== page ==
Riding in a bunch is one of the most important skills you can learn as a cyclist. Whether you enjoy riding in a small group with a few friends, want to learn to sit in a bunch on a training ride or are interested in trying your hand at racing, learning what to do and what not to do is critical. Riding in a bunch can be the most enjoyable experience if done in the right way. However, bunch riding can also be a huge pain if people in the group don’t understand the rules. Everyone needs to know these rules for everyone’s safety.
At least one person in the group should carry a mobile phone. Ensure that mobile phone numbers are shared amongst the phone holders. A base phone number, eg the pool, should also be recorded. Radios can also be useful in larger bunch rides and on longer rides. Repair Kits Each group should have a pump and at least one spare tube for each tyre size on the ride.
For longer rides it is suggested that a small first aid kit be carried. Regrouping Groups must stay together for the duration of the ride. This may require regrouping 3 or 4 times during the ride at designated points, usually major intersections. Ensure that the group leader and sweep rider keep in contact and know where to regroup.
For longer rides it is usually necessary to carry a small amount of food to replenish fuel supplies eg jelly lollies, jelly beans, barley sugar, muesli bars or sultanas. Water should be carried and consumed on all rides.
A group should stick to its predetermined ride route. If a change is made the group leader should communicate with base and ensure all members of their group are informed Be predictable with all actions Avoid sudden braking and changes of direction. Try to maintain a steady straight line. Remember that there are riders following closely behind. To slow down, gradually move out into the wind and slot back into position in the bunch. By putting your hands on the hoods on your brakes you can ‘sit up’ and put more of your body in the wind to slow down slightly without using your brakes.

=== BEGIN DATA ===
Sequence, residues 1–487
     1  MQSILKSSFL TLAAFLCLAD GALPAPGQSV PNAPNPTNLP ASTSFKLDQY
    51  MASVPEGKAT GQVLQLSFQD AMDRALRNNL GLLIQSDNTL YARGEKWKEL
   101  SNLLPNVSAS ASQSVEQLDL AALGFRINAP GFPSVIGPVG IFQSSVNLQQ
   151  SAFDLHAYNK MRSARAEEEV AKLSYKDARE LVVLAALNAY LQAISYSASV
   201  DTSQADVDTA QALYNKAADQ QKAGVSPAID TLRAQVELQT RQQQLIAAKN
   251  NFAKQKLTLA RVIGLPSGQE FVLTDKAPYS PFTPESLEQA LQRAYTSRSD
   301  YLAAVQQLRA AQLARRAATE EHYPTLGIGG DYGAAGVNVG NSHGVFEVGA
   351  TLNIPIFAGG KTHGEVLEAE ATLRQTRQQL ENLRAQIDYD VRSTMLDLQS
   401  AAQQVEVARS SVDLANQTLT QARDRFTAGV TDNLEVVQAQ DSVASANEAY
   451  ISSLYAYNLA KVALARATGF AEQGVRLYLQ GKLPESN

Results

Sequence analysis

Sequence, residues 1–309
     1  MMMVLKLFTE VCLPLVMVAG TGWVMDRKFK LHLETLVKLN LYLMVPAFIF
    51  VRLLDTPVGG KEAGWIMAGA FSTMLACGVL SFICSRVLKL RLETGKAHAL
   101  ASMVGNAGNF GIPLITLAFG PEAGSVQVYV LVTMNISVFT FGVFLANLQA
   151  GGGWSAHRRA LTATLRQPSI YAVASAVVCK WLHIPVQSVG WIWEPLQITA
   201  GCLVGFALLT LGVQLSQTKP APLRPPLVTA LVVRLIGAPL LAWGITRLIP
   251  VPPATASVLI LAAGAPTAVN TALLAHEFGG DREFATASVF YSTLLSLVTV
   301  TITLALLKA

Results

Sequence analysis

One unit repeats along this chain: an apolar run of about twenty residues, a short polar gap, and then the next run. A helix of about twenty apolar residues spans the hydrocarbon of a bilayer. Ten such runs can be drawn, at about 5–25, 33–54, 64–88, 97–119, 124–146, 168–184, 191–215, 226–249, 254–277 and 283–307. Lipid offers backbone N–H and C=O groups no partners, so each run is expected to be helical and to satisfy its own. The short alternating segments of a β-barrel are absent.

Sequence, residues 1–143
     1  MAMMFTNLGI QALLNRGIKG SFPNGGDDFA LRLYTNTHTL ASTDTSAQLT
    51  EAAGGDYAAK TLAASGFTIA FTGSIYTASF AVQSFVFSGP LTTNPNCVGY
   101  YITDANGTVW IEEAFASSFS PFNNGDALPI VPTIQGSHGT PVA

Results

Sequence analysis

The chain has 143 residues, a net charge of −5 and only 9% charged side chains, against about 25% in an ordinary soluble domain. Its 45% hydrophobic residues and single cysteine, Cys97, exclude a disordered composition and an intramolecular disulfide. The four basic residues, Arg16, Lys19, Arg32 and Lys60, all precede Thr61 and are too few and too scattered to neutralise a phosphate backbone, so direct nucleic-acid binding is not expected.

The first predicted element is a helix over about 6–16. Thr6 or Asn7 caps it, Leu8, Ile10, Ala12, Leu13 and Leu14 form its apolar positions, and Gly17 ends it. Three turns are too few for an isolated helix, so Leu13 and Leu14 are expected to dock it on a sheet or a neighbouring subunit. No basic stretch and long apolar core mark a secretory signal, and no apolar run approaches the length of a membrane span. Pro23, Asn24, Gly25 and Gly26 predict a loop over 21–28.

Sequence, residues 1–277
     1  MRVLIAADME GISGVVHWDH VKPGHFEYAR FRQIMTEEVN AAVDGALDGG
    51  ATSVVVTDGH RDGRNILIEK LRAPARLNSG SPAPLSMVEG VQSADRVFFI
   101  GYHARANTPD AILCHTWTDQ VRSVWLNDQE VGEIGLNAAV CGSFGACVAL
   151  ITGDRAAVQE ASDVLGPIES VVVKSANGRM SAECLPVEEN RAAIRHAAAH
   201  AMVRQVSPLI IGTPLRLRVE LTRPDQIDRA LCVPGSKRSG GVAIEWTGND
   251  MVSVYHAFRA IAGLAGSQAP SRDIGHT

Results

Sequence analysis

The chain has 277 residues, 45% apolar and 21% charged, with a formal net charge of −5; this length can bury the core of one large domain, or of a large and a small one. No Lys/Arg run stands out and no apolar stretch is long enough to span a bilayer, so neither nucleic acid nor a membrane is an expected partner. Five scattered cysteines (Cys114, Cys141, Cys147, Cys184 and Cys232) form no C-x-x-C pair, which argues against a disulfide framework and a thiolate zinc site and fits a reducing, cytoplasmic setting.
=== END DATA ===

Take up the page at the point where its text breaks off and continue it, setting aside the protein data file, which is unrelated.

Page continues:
Ride safely and try to stay off the brakes. If you are inexperienced and too nervous to ride close to the wheel in front of you, stay alone at the back and practice. When the pace eases, don’t brake suddenly, instead ride to the side of the wheel in front and ease the pedalling off, then drop back on the wheel. Practice on the back and soon you will be able to move up the line with a partner.
Do not become obsessed with the rear wheel directly in front of you. Try to focus four or five riders up the line so that any ‘problem’ will not suddenly affect you. Scan the road ahead for potential problems, red lights etc, and be ready.
Especially at traffic lights and intersections – if you are on the front, and the lights turn orange, they will definitely be red by the time the back of the bunch goes through the intersection. You will endanger the lives of others if you run it.
Remember when you are on the front, you are not only responsible for yourself but everyone in the group. When you are leading the bunch, try to monitor potential problems and give plenty of warning of impending stops or changes of pace. Make sure you know where you are going.
Experienced riders should point out any mistakes made by less experienced riders. This must be done diplomatically of course, but it is important to make people aware of unsafe riding and help them learn the right behaviour. Riding in a bunch is about everyone’s safety.
Information adapted from the Southbank Bunch website